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ASU Electronic Theses and Dissertations


This collection includes most of the ASU Theses and Dissertations from 2011 to present. ASU Theses and Dissertations are available in downloadable PDF format; however, a small percentage of items are under embargo. Information about the dissertations/theses includes degree information, committee members, an abstract, supporting data or media.

In addition to the electronic theses found in the ASU Digital Repository, ASU Theses and Dissertations can be found in the ASU Library Catalog.

Dissertations and Theses granted by Arizona State University are archived and made available through a joint effort of the ASU Graduate College and the ASU Libraries. For more information or questions about this collection contact or visit the Digital Repository ETD Library Guide or contact the ASU Graduate College at gradformat@asu.edu.


Modern and contemporary African American writers employ science fiction in order to recast ideas on past, present, and future black culture. This dissertation examines Afrofuturism’s cultural aesthetics, which appropriate devices from science fiction and fantasy in order to revise, interrogate, and re-examine historical events insufficiently treated by literary realism. The dissertation includes treatments of George Schuyler, Ishmael Reed, Octavia Butler, Colson Whitehead, Nalo Hopkinson, and Chicana/ofuturism. The original contribution of this research is to highlight how imagination of a posthuman world has made it possible for African American writers to envision how racial power can be re-configured and re-negotiated. Focusing …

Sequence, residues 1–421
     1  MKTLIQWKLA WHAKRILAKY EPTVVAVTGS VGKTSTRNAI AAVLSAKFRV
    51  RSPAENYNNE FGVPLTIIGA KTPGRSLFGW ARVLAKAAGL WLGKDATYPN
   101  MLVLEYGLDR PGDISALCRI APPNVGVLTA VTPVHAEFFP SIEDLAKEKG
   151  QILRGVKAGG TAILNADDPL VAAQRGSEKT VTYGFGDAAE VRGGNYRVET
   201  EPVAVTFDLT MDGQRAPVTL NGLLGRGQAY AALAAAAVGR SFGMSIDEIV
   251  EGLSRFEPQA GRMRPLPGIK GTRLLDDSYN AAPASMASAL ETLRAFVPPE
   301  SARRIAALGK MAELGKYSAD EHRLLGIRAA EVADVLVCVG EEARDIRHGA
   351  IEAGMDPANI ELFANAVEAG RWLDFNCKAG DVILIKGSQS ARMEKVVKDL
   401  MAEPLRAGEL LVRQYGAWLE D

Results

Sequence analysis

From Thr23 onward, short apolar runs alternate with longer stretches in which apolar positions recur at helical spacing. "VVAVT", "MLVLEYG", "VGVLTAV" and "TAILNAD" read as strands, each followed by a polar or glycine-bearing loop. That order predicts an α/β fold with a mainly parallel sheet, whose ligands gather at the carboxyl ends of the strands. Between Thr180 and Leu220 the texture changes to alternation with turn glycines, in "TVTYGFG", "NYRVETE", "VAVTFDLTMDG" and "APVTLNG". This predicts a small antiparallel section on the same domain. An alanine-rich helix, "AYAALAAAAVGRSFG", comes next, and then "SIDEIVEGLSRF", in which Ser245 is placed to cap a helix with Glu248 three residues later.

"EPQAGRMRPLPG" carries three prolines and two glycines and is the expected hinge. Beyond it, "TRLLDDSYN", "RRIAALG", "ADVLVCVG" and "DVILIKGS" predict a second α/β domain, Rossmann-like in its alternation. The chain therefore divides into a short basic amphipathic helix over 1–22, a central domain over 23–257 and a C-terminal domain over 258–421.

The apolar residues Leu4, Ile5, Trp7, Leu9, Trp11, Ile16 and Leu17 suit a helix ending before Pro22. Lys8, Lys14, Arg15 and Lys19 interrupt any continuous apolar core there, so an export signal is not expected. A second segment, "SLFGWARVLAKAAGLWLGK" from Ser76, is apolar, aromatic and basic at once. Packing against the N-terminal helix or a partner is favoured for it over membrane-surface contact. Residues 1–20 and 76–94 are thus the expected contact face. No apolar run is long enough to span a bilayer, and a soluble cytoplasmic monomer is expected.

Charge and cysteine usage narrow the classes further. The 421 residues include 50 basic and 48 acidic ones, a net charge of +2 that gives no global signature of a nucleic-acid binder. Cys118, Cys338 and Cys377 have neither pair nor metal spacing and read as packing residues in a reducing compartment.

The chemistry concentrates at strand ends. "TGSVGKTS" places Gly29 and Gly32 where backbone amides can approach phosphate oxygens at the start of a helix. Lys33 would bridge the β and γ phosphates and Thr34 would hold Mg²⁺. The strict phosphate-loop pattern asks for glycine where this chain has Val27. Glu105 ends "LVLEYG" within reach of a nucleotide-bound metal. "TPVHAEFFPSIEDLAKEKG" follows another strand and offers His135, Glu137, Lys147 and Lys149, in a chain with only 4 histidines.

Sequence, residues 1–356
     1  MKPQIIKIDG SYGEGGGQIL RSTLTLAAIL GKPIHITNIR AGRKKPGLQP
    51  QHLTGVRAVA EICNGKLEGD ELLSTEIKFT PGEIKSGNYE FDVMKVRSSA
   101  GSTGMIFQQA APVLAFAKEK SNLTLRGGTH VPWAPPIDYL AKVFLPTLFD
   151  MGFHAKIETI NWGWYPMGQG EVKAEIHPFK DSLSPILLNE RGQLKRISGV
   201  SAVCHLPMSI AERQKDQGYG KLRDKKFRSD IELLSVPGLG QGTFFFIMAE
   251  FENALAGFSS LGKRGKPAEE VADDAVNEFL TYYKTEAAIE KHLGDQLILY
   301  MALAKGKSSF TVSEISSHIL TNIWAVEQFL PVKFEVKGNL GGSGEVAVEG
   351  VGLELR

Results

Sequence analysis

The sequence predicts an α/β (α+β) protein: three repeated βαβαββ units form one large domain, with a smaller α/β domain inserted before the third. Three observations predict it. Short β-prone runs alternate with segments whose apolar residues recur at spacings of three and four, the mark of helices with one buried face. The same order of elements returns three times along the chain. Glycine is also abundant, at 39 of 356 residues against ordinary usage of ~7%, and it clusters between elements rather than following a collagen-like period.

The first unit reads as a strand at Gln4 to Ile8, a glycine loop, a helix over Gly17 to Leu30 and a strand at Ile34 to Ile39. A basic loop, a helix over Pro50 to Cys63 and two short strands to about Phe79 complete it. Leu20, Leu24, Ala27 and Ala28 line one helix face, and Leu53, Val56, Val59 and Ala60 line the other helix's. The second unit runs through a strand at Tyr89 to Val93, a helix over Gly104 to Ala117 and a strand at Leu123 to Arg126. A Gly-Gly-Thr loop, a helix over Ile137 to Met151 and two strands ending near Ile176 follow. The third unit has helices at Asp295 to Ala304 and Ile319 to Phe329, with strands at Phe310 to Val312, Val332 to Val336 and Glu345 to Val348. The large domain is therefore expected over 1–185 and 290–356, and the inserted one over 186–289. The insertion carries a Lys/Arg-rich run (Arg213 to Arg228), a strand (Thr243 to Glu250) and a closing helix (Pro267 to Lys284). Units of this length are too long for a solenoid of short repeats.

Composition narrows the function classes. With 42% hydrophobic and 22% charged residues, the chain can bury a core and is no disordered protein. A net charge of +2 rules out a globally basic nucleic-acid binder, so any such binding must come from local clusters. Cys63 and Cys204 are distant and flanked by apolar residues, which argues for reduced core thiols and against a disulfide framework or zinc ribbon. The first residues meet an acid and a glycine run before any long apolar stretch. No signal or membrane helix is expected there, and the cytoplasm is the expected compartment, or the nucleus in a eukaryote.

Contributors
Kim, Myungsung, Lockard, Joe, Lester, Neal, et al.
Created Date
2017

During the 1960s, American youth were coming of age in a post–war period marked by an unprecedented availability of both money and leisure time. These conditions afforded young people new opportunities for exploring fresh ways of thinking and living, beyond the traditional norms of their parents' generation. Tom Wolfe recognized that a revolution was taking place, in terms of manners and morals, spearheaded by this latest generation. He built a career for himself reporting on the diverse groups that were developing on the periphery of the mainstream society and the various ways they were creating social spaces, what he termed …

Contributors
Kilduff, Josiah Ray, Ortiz, Simon J., De La Garza, Sarah A., et al.
Created Date
2014

ABSTRACT This dissertation examines contemporary U.S. women writing about war, with primarily women subjects and protagonists, from 1991-2013, in fiction, memoir, and media. The writers situate women at the center of war texts and privilege their voices as authoritative speakers in war, whether as civilians and soldiers trying to survive or indigenous women preparing for the possibility of war. I argue that these authors are rewriting scripts of war to reflect gendered experiences and opening new ways of thinking about war. Women Rewriting Scripts of War argues that Leslie Marmon Silko’s novel Almanac of the Dead juxtaposes an indigenous Story …

Contributors
Stamper, Cambria, Clarke, Deborah, Hogue, Cynthia, et al.
Created Date
2015